In 2012-2013 California used the California Standards Tests (CSTs) to test students in English language arts in grades 2 through 11; math in grades 2 through 7; science in grades 5, 8 and 10; and history-social science in grades 8 and 11. Middle and high school students also took subject-specific CSTs in math and science, depending on the course in which they were enrolled. The CSTs are standards-based tests, which means they measure how well students are mastering specific skills defined for each grade by the state of California. The goal is for all students to score at or above proficient on the tests.

The different student groups are identified by the California Department of Education; if there are fewer than 10 students in a particular group in a school, the state doesn't report data for that group.

Source: California Department of Education

Algebra I

All Studentsn/a
Femalesn/a
Malesn/a
African Americann/a
Asiann/a
Filipinon/a
Hispanic or Latinon/a
American Indian or Alaska Nativen/a
Native Hawaiiann/a
Pacific Islandern/a
Samoann/a
Other Pacific Islandern/a
White (not Hispanic)n/a
Economically disadvantagedn/a
Non-economically disadvantagedn/a
Students with disabilityn/a
Students with no reported disabilityn/a
English learnern/a
Fluent-English proficient and English onlyn/a
Migrant educationn/a
Gifted and talentedn/a
Parent education - not a high school graduaten/a
Parent education - high school graduaten/a
Parent education - some college (includes AA degree)n/a
Parent education - college graduaten/a
Parent education - graduate school/post graduaten/a
Parent education - declined to staten/a

English Language Arts

All Students48%
Females42%
Males53%
African Americann/a
Asiann/a
Filipinon/a
Hispanic or Latino43%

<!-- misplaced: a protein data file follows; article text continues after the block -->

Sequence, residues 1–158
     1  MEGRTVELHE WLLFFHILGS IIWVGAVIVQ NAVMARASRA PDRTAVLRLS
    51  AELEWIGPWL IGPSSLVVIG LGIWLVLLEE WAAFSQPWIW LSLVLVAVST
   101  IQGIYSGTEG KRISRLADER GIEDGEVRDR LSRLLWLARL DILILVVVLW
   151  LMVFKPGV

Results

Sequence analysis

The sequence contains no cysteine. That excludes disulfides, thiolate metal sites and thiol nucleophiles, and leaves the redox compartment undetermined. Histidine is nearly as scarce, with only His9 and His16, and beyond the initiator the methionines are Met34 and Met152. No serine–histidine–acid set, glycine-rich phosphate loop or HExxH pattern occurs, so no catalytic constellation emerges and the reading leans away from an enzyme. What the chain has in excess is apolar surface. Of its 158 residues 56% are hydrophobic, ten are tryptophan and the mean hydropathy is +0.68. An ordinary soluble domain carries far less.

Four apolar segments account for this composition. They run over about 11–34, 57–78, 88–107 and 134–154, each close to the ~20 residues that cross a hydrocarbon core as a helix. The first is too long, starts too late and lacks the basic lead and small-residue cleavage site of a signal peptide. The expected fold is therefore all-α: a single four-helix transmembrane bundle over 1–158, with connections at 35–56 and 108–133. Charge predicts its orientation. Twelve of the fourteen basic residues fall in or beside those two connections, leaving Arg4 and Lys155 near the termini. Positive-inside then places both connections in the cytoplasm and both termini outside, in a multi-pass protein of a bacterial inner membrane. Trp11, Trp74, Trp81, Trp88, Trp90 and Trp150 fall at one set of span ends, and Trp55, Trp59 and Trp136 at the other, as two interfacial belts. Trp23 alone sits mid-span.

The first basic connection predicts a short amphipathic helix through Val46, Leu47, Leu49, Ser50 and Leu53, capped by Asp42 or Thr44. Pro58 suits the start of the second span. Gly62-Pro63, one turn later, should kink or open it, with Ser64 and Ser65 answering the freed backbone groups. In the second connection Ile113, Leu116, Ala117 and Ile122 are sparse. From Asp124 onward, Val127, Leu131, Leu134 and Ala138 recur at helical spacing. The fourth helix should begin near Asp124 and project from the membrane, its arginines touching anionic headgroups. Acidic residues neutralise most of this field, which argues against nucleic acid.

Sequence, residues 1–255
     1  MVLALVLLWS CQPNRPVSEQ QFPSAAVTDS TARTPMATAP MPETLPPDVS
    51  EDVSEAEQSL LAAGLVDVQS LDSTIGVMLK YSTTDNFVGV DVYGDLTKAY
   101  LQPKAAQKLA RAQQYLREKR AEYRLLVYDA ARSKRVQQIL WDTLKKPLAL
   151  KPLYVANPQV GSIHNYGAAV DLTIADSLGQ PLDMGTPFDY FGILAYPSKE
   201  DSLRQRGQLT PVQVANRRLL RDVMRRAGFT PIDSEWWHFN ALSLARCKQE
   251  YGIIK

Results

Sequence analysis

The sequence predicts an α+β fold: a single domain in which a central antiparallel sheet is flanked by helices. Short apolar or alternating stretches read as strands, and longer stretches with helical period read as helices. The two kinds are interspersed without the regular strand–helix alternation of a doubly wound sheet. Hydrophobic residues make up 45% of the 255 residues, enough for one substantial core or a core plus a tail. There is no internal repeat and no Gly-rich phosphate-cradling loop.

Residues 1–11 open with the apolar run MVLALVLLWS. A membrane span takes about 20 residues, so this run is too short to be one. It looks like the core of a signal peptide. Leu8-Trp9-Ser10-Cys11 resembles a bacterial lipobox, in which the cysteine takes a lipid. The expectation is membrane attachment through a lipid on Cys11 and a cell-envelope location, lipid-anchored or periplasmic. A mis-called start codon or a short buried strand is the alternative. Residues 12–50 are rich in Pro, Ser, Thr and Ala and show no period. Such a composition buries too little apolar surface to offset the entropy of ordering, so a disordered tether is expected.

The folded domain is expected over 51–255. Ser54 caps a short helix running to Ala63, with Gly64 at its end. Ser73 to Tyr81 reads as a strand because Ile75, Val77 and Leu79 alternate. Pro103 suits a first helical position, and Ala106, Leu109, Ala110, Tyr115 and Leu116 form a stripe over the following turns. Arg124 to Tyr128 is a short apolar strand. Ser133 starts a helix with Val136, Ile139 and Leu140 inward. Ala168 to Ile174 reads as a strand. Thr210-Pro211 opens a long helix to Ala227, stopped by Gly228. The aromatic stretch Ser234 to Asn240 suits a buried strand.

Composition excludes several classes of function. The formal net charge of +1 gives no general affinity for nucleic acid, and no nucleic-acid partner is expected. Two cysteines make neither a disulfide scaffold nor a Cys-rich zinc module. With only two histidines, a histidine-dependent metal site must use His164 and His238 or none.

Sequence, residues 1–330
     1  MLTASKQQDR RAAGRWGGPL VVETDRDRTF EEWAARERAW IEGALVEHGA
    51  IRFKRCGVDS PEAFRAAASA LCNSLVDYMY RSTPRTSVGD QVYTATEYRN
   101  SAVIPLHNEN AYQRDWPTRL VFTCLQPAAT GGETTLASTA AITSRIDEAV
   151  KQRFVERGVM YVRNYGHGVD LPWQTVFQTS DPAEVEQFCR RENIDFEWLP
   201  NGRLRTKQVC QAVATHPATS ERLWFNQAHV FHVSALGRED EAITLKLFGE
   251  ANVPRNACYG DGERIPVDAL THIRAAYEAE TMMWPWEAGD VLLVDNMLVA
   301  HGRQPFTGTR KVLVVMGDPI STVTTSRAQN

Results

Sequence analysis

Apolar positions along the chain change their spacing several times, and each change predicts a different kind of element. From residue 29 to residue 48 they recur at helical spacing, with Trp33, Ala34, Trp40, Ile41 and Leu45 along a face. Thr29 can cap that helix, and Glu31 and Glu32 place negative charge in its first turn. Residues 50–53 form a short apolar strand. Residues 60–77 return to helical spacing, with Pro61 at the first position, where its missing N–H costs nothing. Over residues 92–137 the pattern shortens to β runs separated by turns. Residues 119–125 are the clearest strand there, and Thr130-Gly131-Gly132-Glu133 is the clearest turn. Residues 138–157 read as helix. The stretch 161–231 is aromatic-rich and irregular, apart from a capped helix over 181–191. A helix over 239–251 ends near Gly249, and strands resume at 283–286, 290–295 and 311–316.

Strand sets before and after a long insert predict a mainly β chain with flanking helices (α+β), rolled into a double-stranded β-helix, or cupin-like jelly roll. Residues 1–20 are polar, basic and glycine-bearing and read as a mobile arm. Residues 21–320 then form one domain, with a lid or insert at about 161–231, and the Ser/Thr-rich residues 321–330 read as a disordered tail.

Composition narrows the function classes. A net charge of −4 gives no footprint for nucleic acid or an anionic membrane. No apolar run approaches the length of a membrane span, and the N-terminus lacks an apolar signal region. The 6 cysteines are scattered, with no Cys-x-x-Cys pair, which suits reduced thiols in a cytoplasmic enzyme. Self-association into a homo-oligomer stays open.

American Indian or Alaska Nativen/a
Native Hawaiiann/a
Pacific Islandern/a
Samoann/a
Other Pacific Islandern/a
White (not Hispanic)n/a
Economically disadvantaged37%
Non-economically disadvantagedn/a
Students with disabilityn/a
Students with no reported disability52%
English learnern/a
Fluent-English proficient and English only58%
Migrant educationn/a
Gifted and talentedn/a
Parent education - not a high school graduaten/a
Parent education - high school graduate56%
Parent education - some college (includes AA degree)n/a
Parent education - college graduaten/a
Parent education - graduate school/post graduaten/a
Parent education - declined to staten/a

Math

All Students62%
Females50%
Males71%
African Americann/a
Asiann/a
Filipinon/a
Hispanic or Latino50%
American Indian or Alaska Nativen/a
Native Hawaiiann/a
Pacific Islandern/a
Samoann/a
Other Pacific Islandern/a
White (not Hispanic)n/a
Economically disadvantaged53%
Non-economically disadvantagedn/a
Students with disabilityn/a
Students with no reported disability67%
English learnern/a
Fluent-English proficient and English only71%
Migrant educationn/a
Gifted and talentedn/a
Parent education - not a high school graduaten/a
Parent education - high school graduate69%
Parent education - some college (includes AA degree)n/a
Parent education - college graduaten/a
Parent education - graduate school/post graduaten/a
Parent education - declined to staten/a
Scale: % proficient or advanced

About the tests